Army approves new Special Duty Pay for certain assignments

Left: A soldier from the U.S. Army Asymmetric Warfare Group conducts a "slack" rappel during subterranean operations training . (U.S. Army Photo by Lt. Col. Sonise Lumbaca) Right: Members of the Caisson Platoon, 3d U.S. Infantry Regiment (The Old Guard), participate in the graveside service for U.S. Army Capt. Stephanie Rader in Arlington National Cemetery, June 1, 2016, in Arlington, Va. (U.S. Army photo by Rachel Larue/Arlington National Cemetery)

The US Army has authorized increases in Special Duty Assignment Pay (SDAP) for five assignments after the New Year, which will affect all personnel above the rank of Private First Class to varying degrees.

The five assignments affected include the Arlington National Cemetery’s Old Guard Caisson Platoon and Tomb Guards, the Asymmetric Warfare Group (AWG) advisers (ranked E-7 through E-9), the Secretary of Defense Security Team and the US Army Pacific Command Northern Warfare Training Center instructors, who specializes in training soldiers how to fight -and win- in arctic environments.

Beginning at $75 per mensem and increasing along a sliding scale for various tasks and rank systems, the five programs will receive monthly increases of $225 per month, with the exception of the NWTC instructors, who will receive only $150 extra.

While some assigned troops are seeing pay increases, other assignments are feeling the cut: the Warrior Transition Unit went from $225 to $150 per month, while assignment pay for the Criminal Investigation Command will be phased out entirely over the next year.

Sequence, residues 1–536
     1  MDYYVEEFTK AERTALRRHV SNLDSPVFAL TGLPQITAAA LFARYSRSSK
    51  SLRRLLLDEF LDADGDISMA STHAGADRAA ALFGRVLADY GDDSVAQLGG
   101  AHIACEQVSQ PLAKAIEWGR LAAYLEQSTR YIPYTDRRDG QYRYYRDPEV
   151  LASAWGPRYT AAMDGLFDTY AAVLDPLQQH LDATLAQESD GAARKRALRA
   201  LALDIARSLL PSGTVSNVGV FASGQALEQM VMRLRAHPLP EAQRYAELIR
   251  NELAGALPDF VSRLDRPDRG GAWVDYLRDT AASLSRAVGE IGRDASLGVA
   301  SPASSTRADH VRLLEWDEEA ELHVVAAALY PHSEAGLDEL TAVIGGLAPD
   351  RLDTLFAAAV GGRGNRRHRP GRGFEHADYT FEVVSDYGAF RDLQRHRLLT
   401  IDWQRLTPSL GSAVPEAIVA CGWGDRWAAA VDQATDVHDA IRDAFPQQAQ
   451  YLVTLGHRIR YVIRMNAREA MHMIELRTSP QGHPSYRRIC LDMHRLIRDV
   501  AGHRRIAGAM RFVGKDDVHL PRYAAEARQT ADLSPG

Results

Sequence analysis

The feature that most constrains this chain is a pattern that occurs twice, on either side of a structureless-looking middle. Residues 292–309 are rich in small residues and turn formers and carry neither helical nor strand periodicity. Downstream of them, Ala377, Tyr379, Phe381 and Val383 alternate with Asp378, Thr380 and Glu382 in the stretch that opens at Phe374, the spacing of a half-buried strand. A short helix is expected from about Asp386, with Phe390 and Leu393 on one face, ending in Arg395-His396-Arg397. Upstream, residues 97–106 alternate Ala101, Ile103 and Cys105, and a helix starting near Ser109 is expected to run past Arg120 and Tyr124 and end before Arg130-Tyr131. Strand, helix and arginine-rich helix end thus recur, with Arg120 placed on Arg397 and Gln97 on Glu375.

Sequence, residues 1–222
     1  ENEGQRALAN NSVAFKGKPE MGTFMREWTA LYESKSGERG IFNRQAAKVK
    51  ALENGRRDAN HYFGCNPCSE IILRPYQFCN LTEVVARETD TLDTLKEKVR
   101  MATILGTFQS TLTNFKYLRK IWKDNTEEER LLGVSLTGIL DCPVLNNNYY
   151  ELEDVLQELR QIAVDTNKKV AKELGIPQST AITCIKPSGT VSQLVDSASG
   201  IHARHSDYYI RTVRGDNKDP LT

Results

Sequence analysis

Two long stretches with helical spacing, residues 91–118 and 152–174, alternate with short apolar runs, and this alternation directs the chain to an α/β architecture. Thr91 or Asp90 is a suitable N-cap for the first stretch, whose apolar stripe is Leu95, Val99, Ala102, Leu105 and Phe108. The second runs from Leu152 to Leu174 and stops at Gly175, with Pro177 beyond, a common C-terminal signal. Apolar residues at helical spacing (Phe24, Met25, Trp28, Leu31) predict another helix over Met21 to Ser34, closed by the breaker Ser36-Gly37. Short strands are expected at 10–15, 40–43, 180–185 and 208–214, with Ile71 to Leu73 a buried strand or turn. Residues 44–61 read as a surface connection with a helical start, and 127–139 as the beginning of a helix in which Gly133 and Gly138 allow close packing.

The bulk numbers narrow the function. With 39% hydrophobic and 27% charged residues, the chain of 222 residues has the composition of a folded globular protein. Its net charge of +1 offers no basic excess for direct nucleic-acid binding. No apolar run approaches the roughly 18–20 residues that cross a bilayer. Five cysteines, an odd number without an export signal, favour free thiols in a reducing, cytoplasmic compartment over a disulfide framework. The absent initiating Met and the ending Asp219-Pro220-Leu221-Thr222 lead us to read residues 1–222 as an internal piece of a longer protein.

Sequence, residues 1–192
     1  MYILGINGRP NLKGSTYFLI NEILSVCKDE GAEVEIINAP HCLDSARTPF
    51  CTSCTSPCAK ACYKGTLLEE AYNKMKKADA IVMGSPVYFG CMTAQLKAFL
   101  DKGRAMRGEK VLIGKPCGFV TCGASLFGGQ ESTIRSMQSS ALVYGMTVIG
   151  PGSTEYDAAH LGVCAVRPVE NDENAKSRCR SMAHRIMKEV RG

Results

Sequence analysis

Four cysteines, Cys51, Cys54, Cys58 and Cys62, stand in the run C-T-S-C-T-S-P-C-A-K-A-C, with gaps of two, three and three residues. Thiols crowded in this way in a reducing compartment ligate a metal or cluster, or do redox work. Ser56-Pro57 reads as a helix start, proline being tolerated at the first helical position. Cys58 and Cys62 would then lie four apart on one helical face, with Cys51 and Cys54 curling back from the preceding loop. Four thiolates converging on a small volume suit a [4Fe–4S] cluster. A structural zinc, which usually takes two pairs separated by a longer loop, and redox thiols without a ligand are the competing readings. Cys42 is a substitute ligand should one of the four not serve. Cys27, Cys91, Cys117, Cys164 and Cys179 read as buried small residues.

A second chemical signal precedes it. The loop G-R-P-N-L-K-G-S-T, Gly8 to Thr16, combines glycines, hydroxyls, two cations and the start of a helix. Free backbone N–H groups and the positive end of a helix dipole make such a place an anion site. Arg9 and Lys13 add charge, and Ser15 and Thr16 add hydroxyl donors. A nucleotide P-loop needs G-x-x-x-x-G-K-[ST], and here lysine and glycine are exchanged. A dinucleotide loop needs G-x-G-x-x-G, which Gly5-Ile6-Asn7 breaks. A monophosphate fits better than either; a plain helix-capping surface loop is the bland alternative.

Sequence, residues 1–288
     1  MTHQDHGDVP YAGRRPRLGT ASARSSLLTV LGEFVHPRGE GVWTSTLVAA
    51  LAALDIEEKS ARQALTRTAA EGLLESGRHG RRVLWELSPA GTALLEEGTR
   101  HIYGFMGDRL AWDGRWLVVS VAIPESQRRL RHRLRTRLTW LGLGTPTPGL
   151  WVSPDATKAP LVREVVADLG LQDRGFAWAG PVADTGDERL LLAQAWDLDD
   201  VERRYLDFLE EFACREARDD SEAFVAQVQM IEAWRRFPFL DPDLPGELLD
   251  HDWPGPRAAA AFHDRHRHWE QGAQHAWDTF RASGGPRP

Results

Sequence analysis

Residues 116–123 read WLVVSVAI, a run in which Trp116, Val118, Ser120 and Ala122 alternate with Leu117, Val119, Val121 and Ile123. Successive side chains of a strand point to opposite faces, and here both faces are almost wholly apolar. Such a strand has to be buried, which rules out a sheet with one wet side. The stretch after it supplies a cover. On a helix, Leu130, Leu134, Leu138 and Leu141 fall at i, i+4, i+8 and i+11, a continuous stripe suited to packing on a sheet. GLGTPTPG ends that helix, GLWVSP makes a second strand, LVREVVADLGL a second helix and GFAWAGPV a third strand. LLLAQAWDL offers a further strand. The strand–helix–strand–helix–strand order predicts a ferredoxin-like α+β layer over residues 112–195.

Recruiters and Drill Sergeants will be seeing a $75 monthly increase on top of the $300 they already make.

According to Military.com, Special Duty Assignment Pay is described as “a discretionary incentive pay that eligible enlisted soldiers, serving in grades E-3 or higher, may receive based on the characterization of their duty assignment.”

The new changes come after approval from the Army’s Special Pay Panel, which meets biannually.

The goal of the Special Pay Panel was to validate recommendations of challenging positions that require soldiers to consistently perform in an ‘above and beyond’ manner and then make recommendations concerning levels of incentive payments,” said SPP-2016 head Larry Lock.

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  • Andy Wolf

    Andy Wolf is an Appalachian native who spent much of his youth and young adulthood overseas in search of combat, riches, and adventure- accruing decades of experience in military, corporate, first responder, journalistic and advisory roles. He resides in North Carolina's Blue Ridge Mountains with his K9 companion, Kiki.

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